Words and photos Dean Mellor
For those who occasionally travel outside of mobile phone range, the Garmin inReach Mini is an affordable alternative to a satellite phone that provides two-way text messaging from anywhere on the planet.
You don’t have to travel far out of major population centres to lose mobile phone reception in Australia and when you’re four-wheel driving this can be a major issue, especially if you have a mechanical breakdown or a medical emergency.
In the past the only solutions have been HF radio, satellite phones and EPIRBs (Emergency Position Indicating Radio Beacons). For the occasional traveller, HF radios and satellite phones are a big investment, while more affordable EPIRBs can only be used to alert emergency responders to your location, and this one-way communication capability results in a full-blown rescue effort being launched, which could result in a hefty bill for the party being rescued.
These days there’s another remote area communications alternative: the two-way satellite communicator. These small devices use the same satellites employed by satphones to send text messages or emergency signals from anywhere on earth. And while you still have to subscribe to a satellite service, the plans are much more affordable than satphone plans, as is the initial purchase price of the unit.
Garmin inReach Mini
I do a lot of four-wheel drive testing which occasionally takes me into the bush on my own, as well as into remote outback areas with colleagues and other travellers, so carrying a reliable communications device is mandatory in case something goes wrong. I also like to keep in touch with my family, to let them know I have reached my destination at the end of each day and that all is safe and well.
I recently purchased a Garmin inReach Mini, which is a lightweight, rugged and compact satellite communicator that allows for two-way text messaging using the Iridium satellite network, so it truly offers comms capability from anywhere on earth so long as there’s a clear view of the sky.
The device itself retails for $499 (although I picked mine up from Wild Earth for $460 with an eBay discount) and there are several Iridium satellite subscription options ranging in price from $25 per month through to $149 per month, and these can be suspended indefinitely if you don’t plan on travelling for a period of time.
The inReach Mini measures just 99mm x52mm x 26mm, and weighs just 100g. It’s supplied with a carabiner clip, so the device can be easily attached to your belt or a backpack. An IPX7 water rating means it can withstand the harshest weather conditions and its internal lithium ion battery, which is recharged via a micro USB cable, will last up to 50 hours with 10-minute tracking intervals and up to 20 days in power-saving mode.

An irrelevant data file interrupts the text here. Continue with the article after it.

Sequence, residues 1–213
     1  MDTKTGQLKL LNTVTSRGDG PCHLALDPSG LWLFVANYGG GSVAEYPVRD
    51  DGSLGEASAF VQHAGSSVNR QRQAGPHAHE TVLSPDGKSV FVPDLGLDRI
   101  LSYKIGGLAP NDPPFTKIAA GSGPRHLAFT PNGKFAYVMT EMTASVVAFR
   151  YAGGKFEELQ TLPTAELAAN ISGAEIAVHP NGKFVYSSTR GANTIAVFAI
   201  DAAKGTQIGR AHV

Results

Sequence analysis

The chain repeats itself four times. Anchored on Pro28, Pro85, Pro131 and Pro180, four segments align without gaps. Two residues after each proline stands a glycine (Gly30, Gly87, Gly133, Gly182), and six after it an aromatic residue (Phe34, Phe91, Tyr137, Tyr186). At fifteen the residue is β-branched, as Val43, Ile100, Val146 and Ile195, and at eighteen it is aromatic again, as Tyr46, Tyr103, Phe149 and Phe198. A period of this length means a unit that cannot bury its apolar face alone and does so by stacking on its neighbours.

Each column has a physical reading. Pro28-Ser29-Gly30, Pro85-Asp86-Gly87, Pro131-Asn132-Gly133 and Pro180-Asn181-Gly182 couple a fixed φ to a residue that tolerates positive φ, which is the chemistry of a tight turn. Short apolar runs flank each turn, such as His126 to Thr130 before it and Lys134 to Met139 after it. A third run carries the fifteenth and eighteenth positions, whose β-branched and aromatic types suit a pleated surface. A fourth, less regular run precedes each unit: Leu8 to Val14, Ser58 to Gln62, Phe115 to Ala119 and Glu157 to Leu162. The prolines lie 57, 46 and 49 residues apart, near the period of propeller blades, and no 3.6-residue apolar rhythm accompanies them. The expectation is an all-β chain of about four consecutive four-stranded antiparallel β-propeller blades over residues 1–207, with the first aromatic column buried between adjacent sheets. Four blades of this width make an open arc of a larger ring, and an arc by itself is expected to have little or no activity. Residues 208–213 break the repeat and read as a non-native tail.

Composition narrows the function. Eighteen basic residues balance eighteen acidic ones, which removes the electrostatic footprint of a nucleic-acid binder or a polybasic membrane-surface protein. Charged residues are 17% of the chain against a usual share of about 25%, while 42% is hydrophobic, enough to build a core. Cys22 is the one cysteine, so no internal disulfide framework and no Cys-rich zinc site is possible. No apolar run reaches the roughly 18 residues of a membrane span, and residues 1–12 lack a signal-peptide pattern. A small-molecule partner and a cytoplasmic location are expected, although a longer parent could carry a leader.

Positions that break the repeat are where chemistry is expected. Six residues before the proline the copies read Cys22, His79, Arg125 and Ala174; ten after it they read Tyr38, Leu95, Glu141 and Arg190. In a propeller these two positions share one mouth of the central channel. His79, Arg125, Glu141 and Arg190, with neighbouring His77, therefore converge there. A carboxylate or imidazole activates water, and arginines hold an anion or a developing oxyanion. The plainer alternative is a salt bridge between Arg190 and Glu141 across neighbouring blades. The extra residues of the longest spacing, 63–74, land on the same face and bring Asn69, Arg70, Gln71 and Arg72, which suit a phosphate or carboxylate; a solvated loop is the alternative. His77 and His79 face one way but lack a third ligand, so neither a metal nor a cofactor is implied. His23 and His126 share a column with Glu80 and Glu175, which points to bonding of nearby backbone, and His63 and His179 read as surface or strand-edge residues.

Send and Receive
Before you can use the inReach Mini, you have to set up a subscription plan at explore.garmin.com, and then you simply head outside, turn the device on wait for it to begin communicating with the Iridium satellite network.
Navigating through the device’s various functions is achieved via up and down keys on the left side of the unit and ‘OK’ and ‘Back’ keys on the other. You can then navigate to preset messages that are already loaded on the device or you can set your own preset message on the Garmin website, but the best trick up the inReach Mini’s sleeve is its Bluetooth connectivity, which allows texts to be sent using a compatible Apple or Android smartphone.
With the Garmin ‘Earthmate’ app installed, you can easily send and receive messages using your phone. Simply connect via Bluetooth, select a recipient, key in your message and hit send. The person you sent the message to will then receive a message with a link that will take them to a website on which they can easily reply to your message. Messaging back and forth is not always instant, but it’s pretty quick.
You can also track your location using the ‘Earthmate’ app; you can see your position, speed, heading and elevation, and you can allow other people to also track your route. Other accessible information on ‘Earthmate’ includes waypoints, routes, history, weather and SOS.
Speaking of SOS, in an emergency you can pop open the SOS cover and hit the button and the inReach Mini will trigger an interactive SOS to the GEOS 24/7 search and rescue monitoring centre, which will alert emergency responders in your area and confirm your message has been received, as well as update on the status of the response team.
On a casual basis, the basic $25/month Safety Plan includes unlimited SOS messages, 10 text messages per month and unlimited preset messages. If you want the device to track your route it will cost 0.15c for each point.
The $55/month Recreation Plan includes unlimited SOS messages, 40 text messages per month, unlimited preset messages and unlimited tracking at 10-minute or greater intervals.
The $99/month Expedition Plan includes unlimited SOS, text and preset messages, and unlimited tracking at 10-minute or greater intervals, which is upgraded to unlimited tracking at tw0-minute or greater intervals on the $149/monthExtreme Plan.
Regular travellers can save money by subscribing to an annual contract, and plans can be quickly set up or changed online at explore.garmin.com.
With much of Australia still devoid of mobile phone coverage, having a reliable communications device is a must for four-wheel drivers. The things I most like about the Garmin inReach Mini include its affordability, its reliability, its ease of use (with a smartphone), its two-way comms capability, its rugged construction and its impressive battery life. Well, I actually like everything about it.
Details What: Garmin InReach Mini Price: $499 (with Iridium plans from $25/month) Where: garmin.com.au